US Preventative Services Task Force Upgrades PSA Screening from D to C
A blood test that measures prostate specific antigen (PSA) has been available for early detection of prostate cancer for decades. In 2012, based on the results of several large clinical trials showing little benefit is reducing mortality, the US Preventative Services Task Force graded PSA testing a category D (not recommended), determining that the risks outweighed the benefits. Recently, the recommendation was upgraded to category C ( selectively offering or providing this service to individual patients based on professional judgment and patient preferences) for men aged 55 to 69, based on updated clinical trial results demonstrating small but consistent mortality benefits. Importantly, routine PSA screening is not recommended, rather that the risks and benefits of screening are discussed and men and their health care providers make an individual decision.
The benefit of PSA screening is that prostate cancer be detected early and treated, thereby preventing the morbidity and mortality of advanced stage cancer. Recent evidence suggests that PSA screening prevents 1.28 men from dying of prostate cancer for every 1000 men screened. Risks include over diagnosis, stress and false positives, resulting in unnecessary treatment. While the specificity of PSA testing is high, ~90%, an elevated PSA level may be caused an enlarged prostate (benign prostatic hyperplasia) or inflammed prostate (prostatitis). Some men without prostate cancer may therefore have positive screening results (ie, “false-positive” results). In addition, drugs that are used to treat BPH, like dutasteride and finasteride may falsely reduce PSA. Patients on these medications who are undergoing PSA testing need to be counseled about the effect of dutasteride and finasteride on PSA testing.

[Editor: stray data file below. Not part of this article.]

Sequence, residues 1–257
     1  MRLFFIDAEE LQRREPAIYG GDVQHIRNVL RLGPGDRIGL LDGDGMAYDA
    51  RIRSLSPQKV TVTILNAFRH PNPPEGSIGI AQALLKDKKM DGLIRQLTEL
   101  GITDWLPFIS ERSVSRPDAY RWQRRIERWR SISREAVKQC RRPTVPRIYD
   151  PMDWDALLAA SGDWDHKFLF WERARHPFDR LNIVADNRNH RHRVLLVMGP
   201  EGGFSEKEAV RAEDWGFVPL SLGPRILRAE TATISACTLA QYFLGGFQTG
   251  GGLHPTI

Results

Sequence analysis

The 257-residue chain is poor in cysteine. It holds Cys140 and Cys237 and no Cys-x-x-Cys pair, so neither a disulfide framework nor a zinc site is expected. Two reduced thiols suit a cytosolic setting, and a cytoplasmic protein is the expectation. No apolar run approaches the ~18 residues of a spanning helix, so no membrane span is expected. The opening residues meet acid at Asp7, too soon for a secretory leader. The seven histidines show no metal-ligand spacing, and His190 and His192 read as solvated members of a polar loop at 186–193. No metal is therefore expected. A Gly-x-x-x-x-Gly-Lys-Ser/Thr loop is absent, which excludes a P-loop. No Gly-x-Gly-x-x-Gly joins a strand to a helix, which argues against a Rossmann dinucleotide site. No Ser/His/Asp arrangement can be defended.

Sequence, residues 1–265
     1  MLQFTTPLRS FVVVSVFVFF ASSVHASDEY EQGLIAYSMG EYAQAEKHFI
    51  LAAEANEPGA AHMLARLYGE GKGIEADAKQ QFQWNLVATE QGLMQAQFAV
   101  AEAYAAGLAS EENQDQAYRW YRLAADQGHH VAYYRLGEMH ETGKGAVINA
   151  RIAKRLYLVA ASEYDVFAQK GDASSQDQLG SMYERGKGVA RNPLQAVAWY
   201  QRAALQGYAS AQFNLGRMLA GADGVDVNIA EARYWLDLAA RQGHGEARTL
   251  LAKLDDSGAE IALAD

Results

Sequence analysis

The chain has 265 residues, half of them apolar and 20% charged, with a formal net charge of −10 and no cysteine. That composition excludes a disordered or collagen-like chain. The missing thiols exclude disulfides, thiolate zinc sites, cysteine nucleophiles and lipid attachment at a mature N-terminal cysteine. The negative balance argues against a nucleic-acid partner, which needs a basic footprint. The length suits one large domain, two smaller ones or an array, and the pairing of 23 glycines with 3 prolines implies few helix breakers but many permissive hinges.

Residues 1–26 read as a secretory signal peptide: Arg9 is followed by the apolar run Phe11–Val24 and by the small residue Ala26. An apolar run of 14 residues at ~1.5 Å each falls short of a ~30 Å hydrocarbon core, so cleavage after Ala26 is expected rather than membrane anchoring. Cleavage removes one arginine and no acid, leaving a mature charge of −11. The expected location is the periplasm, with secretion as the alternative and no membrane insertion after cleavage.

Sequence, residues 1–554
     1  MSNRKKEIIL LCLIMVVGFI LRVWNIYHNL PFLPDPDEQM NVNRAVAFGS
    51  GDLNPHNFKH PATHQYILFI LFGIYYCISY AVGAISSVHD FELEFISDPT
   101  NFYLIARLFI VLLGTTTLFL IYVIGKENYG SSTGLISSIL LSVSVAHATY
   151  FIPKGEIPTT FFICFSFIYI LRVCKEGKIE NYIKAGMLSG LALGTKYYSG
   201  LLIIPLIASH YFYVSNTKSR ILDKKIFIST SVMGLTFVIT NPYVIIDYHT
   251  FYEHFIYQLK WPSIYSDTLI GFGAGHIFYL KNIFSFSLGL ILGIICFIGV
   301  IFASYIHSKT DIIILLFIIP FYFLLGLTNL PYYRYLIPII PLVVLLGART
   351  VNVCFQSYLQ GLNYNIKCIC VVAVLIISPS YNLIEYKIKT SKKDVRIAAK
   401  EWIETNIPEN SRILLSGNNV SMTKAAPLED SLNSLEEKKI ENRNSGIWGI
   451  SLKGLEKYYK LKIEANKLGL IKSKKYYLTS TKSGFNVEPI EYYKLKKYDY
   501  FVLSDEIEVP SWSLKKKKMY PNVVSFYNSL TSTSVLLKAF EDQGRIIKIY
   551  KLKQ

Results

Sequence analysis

Additional information about Dutasteride and Finasteride can be found in the Top 300 Pharmacy Drug Cards. If you or your institution subscribes to AccessPharmacy, use or create your MyAccess Profile to sign-in to the Top 300 Pharmacy Drug Cards. If your institution does not provide access, ask your medical librarian about subscribing.
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